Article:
My Brother — A Star

“The Necessary Angel” is what Wallace Stevens called the imagination. Which begs the question, when is an angel not necessary? We need them all right now.

The following poem seeks to embody what he meant. When poet/fiction writer/brother Gary Gildner read the poem he said, “This is when the sensibility of a poet arrived for you.”

My Brother—A Star

My mother was pregnant through the first
nine games of the season.  We were 7 -2.
I waited for a brother.  My father
kept to the hard schedule.  Waking
the morning of the tenth game, I thought
of skipping school and shooting hoops.
My cornflakes were ready, soggy.  There
was a note:  “The baby may come today.
Get your haircut.”  We were into January,
and the long December snow had turned
to slush.  The wind was mean.  My father
was gone.  I looked in on my mother still
asleep and hoped she’d be OK.
I watched her, dreamed her dream:  John
at forward, me at guard.  He’d
learn fast.  At noon, my father
picked me up at the playground.  My team
was ahead by six.
We drove toward the gym.
“Mom’s OK,” he said and tapped his fist
against my leg.  The Plymouth ship that rode
the hood pulled us down the street.
“The baby died,” he said.  I felt my feet press hard
against the floorboard.  I put my elbow on the door handle,
my head on my hand, and watched the town:
Kenner’s Five and Ten, Walker’s Hardware,
Jarret’s Bakery, Shaffer’s Barber Shop, the bank.
Dick Green and Carl Stacey waved.  “It was
a boy.”
We drove back to school.  “You gonna
coach tonight?”  “Yes.”  “Mom’s OK?”
“Yes.  She’s fine.  Sad.  But fine.  She said
for you to grab a sandwich after school.  I’ll see you
at the game.  Don’t forget about your hair.”  I
got out, walked in late to class.
“We’re doing geography,” Mrs. Wilson said.  “Page
ninety-seven.  The prairie.”
That night in bed
I watched this kid firing in jump shots
from everywhere on the court.  He’d cut left,
I’d feed him a fine pass, he’d hit.
I’d dribble down the side, spot him in the corner, thread
the ball through a crowd to his soft hands, and he’d
loft a star up into the lights where it would pause
then gently drop, fall through the cheers and through the net.
The game never ended.  I fell into sleep.  My hair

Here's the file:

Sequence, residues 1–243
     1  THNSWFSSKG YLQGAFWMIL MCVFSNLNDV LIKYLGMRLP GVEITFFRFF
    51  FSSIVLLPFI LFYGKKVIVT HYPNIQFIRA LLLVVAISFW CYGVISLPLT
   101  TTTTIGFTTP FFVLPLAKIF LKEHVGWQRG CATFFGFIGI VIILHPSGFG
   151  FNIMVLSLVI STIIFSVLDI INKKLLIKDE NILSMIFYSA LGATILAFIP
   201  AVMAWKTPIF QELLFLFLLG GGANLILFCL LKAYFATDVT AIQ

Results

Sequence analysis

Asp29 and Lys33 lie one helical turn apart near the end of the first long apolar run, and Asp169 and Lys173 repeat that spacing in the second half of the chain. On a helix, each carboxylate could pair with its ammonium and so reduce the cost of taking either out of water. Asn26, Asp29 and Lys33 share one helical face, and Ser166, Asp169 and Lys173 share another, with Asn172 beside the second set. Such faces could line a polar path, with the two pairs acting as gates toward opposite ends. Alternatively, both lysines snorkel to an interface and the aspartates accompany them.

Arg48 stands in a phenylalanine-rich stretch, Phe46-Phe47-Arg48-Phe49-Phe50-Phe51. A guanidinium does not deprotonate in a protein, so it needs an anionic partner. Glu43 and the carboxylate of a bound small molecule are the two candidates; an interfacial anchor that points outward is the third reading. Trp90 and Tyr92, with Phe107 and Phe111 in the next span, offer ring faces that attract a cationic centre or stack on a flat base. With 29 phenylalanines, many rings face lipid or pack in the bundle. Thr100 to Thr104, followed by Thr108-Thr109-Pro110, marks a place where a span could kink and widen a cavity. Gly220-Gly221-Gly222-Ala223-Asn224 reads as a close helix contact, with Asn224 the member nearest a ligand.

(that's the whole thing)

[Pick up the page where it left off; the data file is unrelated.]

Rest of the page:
was short.  We were 8 and 2.

-for my mother and my father

–Jack Ridl

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Visit Roan & Black and Cabbages & Kings and Reader’s World to find Jack’s books in West Michigan.

Click here to subscribe to receive Jack’s poems and news in your inbox.

Click here for Jack’s entire collection, In Time — poems for the current administration.

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And, of course, click here to visit ridl.com, check out what Jack’s been up to, maybe say hi!

Elegy for Cousin Albert – a Circus Man

So many things we didn’t know were problematic turn out to be.

Recently Ringling Bros. announced their day is over. The Big Apple Circus closed.
I grew up with the circus. My mother had a cousin who was as close to her as a brother. He traveled all over with circuses, knew them all, knew everyone. I, of course, didn’t have any idea that it was a big deal to “hang out” with Emmett Kelly, Lou Jacobs, The Wallendas, Clyde Beatty, Unus, who stood on one finger. They were people in the back lot readying to go on. Then one day we watched Ringling unload their tent for the very last time. That was the first loss. From then on for me, a circus without a tent was not quite a circus.

I understand why it’s gone. A few will try to stagger along. But . . .

Elegy for Cousin Albert—A Circus Man

If you knew you were going to be taken in,
you were part of the great act, and all
the richer for your willingness
to suspend belief for the higher world
of jungle cats, exhausted jugglers,
jaded clowns, those who left their losses
in the back lot and paraded center ring
for seven months to lead us on—
to be performers while we sat.
We knew the fat came off the drunk
and drug-infested fly-by night
hard work of broken men
who’d pitch the tent then wait
throughout the show until
beneath the same old stars
they’d watch the dusty bull
pull down the center pole, bellow
to the night, and lumber out from
underneath the canvas floating down,
a shroud to lie, quiet, over the empty
lot. Later, housed twenty to a truck,
the men would sleep.
Somewhere,
on the road, Albert, now ashes
in his widow’s living room,
would think about the time when he
was six and rode the Ringling elephant.
God sears the heart with a single twinge.
Now the loss, the grief is just another line
of colored posters strung along the sideshow
urging us to pay to see Alice wrapped
in tattoos, Johnny Jungle eating bugs,
The Human Reptile, Alphonse tasting
fire, Erma swallowing swords, and
all of us who charm the snakes.

–Jack Ridl

First published in The Journal (Ohio State)

 

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Click here to subscribe to receive Jack’s poems and news in your inbox.

Click here for Jack’s entire collection, In Time — poems for the current administration.

Click here to watch Jack’s TedX talk.

And, of course, click here to visit ridl.com, check out what Jack’s been up to, maybe say hi!